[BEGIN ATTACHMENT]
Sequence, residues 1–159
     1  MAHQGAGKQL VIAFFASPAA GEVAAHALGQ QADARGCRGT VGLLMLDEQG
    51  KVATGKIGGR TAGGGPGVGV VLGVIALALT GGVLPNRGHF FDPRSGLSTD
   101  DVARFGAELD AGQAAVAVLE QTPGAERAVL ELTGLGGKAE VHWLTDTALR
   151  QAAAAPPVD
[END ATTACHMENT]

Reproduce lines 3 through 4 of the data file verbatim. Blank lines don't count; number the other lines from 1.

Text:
    51  KVATGKIGGR TAGGGPGVGV VLGVIALALT GGVLPNRGHF FDPRSGLSTD
   101  DVARFGAELD AGQAAVAVLE QTPGAERAVL ELTGLGGKAE VHWLTDTALR